I used to call myself a serial procrastinator putting some things off until very last minute, causing me to wreck havoc in my schedule, airline tickets costing way more than they should and some very angry friends at times. But the urge to procrastinate was way beyond my control so I did what every sensible person would do in this situation – I beat myself up and shamed myself for being lazy and wrong. So in response I procrastinated much more… And shamed myself some more.. And then it occurred to me – what if procrastination is not being lazy at all? What if it’s a very important sign and a protective mechanism that we are ignoring? So I took a notepad and wrote down everything I habitually procrastinated on. Nope, definitely didn’t turn out to be laziness.
And there are quite a few reasons that can make this list but I’d like to focus on one of my personal favorites – sometimes we just don’t want to do it, period. Yep, at times it’s really that simple. We’re trying to chase goals that we don’t actually want to achieve. But it’s too uncomfortable to admit as it would require doing something about it and changing direction. And it hit me especially hard when I found myself procrastinating in accepting the job offer for the position I was after for one and a half years. That’s one looong job interview and I thought I’d be thrilled at the end of it but in reality I procrastinated in making the phone call for over a week. Until I sat down and admitted to myself that something changed along the way, I didn’t want to be in this business anymore and I would find no fulfillment in this role. And that meant admitting that I would have to start all over again. Having lost all this time. Which in retrospect turned out to be the best decision of my life but really didn’t feel like it at the time.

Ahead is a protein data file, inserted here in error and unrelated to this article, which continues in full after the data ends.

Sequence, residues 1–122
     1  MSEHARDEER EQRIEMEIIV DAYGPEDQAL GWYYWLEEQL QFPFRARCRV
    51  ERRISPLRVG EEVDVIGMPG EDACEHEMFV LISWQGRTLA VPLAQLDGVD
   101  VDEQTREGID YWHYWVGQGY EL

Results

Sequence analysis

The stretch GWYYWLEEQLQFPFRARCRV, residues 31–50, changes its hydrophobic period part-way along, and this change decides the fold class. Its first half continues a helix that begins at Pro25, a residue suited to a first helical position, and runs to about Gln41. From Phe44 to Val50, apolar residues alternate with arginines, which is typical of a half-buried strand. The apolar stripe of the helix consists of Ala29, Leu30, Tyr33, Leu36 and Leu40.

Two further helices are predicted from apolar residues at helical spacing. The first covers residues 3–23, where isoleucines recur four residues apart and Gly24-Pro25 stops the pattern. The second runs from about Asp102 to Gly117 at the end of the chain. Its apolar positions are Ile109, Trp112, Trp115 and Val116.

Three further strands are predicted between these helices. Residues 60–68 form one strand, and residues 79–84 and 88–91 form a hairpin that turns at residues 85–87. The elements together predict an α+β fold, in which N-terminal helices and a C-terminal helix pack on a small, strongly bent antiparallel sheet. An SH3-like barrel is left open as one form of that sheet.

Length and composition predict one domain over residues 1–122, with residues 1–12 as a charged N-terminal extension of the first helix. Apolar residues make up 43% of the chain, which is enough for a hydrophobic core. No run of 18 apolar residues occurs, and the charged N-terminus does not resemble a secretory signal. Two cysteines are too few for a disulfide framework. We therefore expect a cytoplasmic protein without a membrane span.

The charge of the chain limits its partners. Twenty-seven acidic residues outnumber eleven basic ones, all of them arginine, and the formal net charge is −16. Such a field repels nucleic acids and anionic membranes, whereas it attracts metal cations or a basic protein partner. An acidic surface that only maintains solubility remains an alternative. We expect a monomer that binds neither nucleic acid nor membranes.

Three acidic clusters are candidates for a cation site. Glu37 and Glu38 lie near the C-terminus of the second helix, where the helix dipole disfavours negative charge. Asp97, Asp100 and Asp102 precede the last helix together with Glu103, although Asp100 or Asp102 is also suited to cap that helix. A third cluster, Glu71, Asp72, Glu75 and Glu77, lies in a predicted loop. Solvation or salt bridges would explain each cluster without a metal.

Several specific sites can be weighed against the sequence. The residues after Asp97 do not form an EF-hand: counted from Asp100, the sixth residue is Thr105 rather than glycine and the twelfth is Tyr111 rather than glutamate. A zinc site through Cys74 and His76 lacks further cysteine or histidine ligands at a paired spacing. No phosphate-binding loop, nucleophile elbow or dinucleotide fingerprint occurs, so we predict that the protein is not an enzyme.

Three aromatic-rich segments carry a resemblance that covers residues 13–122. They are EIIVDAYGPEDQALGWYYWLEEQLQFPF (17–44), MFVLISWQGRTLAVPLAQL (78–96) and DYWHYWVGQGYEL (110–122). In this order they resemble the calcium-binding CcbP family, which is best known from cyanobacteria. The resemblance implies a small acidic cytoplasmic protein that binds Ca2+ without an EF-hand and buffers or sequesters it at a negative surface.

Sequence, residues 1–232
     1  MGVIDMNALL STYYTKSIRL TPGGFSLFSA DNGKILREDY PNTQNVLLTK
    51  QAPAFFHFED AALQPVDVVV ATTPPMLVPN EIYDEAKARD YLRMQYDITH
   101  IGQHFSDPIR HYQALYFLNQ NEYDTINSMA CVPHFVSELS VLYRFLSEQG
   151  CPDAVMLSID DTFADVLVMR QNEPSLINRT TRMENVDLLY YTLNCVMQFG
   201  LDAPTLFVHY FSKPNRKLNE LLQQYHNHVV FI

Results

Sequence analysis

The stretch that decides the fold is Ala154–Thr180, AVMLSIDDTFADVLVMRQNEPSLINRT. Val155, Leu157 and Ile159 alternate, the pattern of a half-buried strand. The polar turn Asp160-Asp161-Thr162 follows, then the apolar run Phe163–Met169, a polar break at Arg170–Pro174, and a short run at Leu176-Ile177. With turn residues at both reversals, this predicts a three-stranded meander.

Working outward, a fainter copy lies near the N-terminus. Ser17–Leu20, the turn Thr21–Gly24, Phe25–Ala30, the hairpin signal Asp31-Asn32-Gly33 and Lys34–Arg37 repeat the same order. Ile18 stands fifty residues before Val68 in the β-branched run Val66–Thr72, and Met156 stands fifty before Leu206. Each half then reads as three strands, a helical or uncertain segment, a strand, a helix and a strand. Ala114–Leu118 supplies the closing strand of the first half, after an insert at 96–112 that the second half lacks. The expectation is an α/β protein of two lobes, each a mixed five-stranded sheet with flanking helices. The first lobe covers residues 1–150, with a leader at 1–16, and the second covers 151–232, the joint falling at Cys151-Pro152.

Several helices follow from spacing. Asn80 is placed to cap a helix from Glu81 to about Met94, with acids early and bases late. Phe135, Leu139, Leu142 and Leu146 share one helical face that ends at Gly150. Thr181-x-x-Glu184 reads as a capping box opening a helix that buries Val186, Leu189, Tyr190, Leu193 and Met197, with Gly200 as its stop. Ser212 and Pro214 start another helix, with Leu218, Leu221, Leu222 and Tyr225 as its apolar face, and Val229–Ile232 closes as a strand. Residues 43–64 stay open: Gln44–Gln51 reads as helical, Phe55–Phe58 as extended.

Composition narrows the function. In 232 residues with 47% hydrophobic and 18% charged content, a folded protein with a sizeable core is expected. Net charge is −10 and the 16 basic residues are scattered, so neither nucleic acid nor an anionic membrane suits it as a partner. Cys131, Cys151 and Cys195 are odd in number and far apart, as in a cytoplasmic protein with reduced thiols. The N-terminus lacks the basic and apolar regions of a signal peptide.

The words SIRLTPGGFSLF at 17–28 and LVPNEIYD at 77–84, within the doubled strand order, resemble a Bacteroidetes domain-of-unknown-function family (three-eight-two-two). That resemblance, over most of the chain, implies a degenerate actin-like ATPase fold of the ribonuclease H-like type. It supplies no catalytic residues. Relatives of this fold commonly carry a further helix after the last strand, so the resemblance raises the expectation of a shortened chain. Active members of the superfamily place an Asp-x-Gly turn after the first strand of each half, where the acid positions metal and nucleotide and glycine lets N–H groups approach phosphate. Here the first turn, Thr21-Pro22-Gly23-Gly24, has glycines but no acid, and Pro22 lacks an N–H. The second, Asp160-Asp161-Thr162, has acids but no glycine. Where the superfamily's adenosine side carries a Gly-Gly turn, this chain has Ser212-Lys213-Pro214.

Many times we’re trying to do things because they sound nice, they look reasonable or they seem like the logical thing to do. Like going on that diet we promise to go on starting next Monday EVERY Monday and never do. Do we actually want to lose that weight or we just think it would be hypothetically nice (or someone else does, ahem) but what we actually want to do is eat and enjoy our meals with fries in it? Or finally learning Portuguese.. Is it because we really want to learn it and speak it? Or is it because someone told us it would increase our employability and it we agree that it’s a logical thing to do but don’t actually find any pleasure in the process.
And of course many times stamina really is needed to push through those bouts of procrastination but I guess my thought here is that maybe sometimes if we consistently find that we’re postponing on starting something - it’s worth pausing and re-evaluating whether we truly want this or not. Or is it just our hypothetical - theoretical "it'd be good to have a yacht since my neighbors do", "should apply for that job for that extra pay" and "it'd be nice to meet a unicorn, everyone wants to"? Do I genuinely want this for myself and this is my own wish? And sometimes the answer is no and that’s okay too.